Anderson opts for a slow, unrushed pace, again similar to that of There Will Be Blood. Some feel the film is pedestrian as a result, but the lack of action allows for sustained focus on the actors, their characters and the way in which they interact with each other. It also seems to add tension to proceedings, and is fundamental in creating the brooding, contemplative tone.

The Master is subtle in its criticism of The Cause, or rather it is subtle in its criticism of real-life bodies of belief and practices that are similar to The Cause. Anderson is mainly interested in examining the personality of a man who would lead such an organization, and seems less inclined as a result to focus on the kind of person that gets suckered in. Dodd’s trip down the east coast sees him enlighten or convert dozens of people – mainly upper class socialites with enough spare time to become mildly-interested, and bored housewives on the cusp of1950s change – but they are all nameless extras aside from Laura Dern, who is underused as Helen Sullivan, a Cause supporter. We do get some insight into the organization and its practices via the filmmaker’s examination of the Dodds, of course, but not much. The film’s focus is on the relationship between surrogate father Dodd and Quell, and it never strays too far away from this.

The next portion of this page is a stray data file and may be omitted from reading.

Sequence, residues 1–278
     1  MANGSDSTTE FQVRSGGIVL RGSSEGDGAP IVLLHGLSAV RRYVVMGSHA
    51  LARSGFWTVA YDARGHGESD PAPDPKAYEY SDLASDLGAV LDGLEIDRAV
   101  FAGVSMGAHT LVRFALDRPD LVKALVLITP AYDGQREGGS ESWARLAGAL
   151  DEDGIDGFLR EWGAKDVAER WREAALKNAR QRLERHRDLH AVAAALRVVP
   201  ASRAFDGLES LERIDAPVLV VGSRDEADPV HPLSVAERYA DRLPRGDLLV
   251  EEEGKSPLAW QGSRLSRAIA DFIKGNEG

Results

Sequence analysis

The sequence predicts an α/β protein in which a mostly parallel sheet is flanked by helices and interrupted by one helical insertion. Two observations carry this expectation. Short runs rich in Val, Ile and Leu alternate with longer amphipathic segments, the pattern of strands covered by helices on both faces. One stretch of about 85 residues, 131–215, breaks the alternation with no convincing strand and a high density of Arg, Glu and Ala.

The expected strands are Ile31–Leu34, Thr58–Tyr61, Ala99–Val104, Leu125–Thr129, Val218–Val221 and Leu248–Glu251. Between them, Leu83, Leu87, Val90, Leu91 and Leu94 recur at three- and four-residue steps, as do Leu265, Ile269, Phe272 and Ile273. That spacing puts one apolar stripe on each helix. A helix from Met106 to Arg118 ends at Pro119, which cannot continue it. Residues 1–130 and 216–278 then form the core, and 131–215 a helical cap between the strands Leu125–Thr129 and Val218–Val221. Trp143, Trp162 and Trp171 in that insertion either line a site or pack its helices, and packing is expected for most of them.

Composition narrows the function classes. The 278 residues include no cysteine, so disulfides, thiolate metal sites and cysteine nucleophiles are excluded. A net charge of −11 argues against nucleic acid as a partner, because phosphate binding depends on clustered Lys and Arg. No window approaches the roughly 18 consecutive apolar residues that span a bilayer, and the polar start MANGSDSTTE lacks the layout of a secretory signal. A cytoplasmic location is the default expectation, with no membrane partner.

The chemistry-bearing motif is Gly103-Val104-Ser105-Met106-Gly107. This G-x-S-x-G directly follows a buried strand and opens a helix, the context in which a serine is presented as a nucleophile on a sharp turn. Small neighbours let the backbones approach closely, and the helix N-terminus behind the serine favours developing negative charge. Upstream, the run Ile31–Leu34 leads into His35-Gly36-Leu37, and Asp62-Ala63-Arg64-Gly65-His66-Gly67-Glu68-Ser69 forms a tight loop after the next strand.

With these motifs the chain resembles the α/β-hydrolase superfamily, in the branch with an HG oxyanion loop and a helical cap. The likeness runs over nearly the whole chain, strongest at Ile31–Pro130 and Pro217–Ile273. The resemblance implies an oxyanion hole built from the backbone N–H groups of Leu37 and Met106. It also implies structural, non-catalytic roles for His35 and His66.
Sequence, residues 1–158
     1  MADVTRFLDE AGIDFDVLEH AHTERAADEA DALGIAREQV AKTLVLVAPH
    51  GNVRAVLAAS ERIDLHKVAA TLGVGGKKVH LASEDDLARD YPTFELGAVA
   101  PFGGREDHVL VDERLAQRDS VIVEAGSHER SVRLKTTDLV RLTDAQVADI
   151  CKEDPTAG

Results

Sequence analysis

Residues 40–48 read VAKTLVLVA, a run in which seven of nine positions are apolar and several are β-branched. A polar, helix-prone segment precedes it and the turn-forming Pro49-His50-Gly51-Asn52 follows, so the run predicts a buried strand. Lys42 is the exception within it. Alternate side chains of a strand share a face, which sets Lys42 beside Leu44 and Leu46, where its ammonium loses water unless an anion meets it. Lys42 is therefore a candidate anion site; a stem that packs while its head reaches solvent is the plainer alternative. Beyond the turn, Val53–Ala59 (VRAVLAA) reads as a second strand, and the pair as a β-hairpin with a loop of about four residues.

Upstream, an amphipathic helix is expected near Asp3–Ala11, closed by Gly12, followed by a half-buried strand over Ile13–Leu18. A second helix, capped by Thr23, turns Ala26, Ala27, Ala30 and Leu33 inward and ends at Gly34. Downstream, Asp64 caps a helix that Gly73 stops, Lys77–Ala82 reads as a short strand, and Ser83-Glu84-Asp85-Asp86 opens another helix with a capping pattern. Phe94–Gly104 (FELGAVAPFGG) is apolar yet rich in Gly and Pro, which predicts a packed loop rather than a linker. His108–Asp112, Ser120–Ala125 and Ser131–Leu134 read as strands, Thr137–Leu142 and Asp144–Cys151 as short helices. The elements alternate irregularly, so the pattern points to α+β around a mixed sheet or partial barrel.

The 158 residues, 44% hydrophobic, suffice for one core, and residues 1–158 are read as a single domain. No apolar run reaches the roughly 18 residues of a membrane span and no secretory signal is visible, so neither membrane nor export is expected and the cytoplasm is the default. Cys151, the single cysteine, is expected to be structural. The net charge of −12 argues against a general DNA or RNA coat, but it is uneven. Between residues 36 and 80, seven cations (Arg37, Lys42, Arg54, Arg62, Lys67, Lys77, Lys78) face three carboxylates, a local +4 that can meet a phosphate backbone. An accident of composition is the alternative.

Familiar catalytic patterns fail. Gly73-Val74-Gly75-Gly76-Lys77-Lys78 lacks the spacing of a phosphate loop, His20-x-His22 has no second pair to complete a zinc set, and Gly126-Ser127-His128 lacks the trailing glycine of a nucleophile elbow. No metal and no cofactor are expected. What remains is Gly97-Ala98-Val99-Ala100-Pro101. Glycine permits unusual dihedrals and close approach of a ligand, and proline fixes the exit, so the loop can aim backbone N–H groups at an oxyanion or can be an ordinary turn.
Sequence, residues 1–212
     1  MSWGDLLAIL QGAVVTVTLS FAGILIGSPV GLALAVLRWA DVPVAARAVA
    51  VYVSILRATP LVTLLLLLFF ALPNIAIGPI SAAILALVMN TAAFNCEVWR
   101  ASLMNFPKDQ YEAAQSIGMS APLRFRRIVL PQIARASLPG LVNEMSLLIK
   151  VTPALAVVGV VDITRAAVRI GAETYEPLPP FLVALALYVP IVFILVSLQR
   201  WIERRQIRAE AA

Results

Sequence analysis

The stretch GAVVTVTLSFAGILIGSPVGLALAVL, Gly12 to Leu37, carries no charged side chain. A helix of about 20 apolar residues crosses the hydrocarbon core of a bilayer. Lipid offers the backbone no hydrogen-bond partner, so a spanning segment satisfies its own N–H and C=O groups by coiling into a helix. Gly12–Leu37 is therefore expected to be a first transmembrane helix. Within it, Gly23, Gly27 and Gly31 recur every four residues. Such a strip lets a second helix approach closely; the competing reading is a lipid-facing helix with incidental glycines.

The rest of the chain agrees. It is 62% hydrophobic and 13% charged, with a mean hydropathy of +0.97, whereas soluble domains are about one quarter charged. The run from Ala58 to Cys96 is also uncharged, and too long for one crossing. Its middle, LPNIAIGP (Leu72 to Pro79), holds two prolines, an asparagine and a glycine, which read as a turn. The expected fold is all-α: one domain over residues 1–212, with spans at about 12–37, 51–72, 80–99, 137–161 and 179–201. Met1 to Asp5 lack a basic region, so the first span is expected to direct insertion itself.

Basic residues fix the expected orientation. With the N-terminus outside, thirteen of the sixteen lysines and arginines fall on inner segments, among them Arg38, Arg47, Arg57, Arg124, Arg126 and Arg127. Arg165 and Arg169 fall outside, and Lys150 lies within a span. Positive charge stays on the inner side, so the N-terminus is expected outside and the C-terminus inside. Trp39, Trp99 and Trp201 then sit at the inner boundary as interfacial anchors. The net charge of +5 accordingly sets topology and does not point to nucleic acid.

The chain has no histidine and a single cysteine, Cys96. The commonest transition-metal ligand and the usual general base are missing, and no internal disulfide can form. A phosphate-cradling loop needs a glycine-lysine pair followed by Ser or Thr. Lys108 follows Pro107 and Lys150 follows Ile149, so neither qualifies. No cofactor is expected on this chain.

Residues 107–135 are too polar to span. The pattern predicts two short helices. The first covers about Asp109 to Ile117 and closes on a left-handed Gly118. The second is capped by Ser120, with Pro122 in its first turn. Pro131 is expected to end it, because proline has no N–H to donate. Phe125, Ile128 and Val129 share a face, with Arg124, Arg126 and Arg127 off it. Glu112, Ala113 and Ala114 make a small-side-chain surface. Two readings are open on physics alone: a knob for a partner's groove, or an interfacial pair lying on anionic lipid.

Mainly shot on 65mm film, which was later cropped to keep a consistent aspect ratio with scenes shot on 35mm, The Master still looks sumptuous on the TV screen. Anderson worked with Francis Ford Coppola’s favoured cinematographer of recent years, Mihai Malaimare Jr., which makes this the first time he has not collaborated with regular DoP Robert Elswit (due to scheduling reasons). Elswit has returned for the forthcoming Inherent Vice, but Malaimare’s work here is excellent; the movie’s opening shot of a boat’s wake sets the bar high and there are many visual treats in the hours that follow, particularly with regard to close-ups.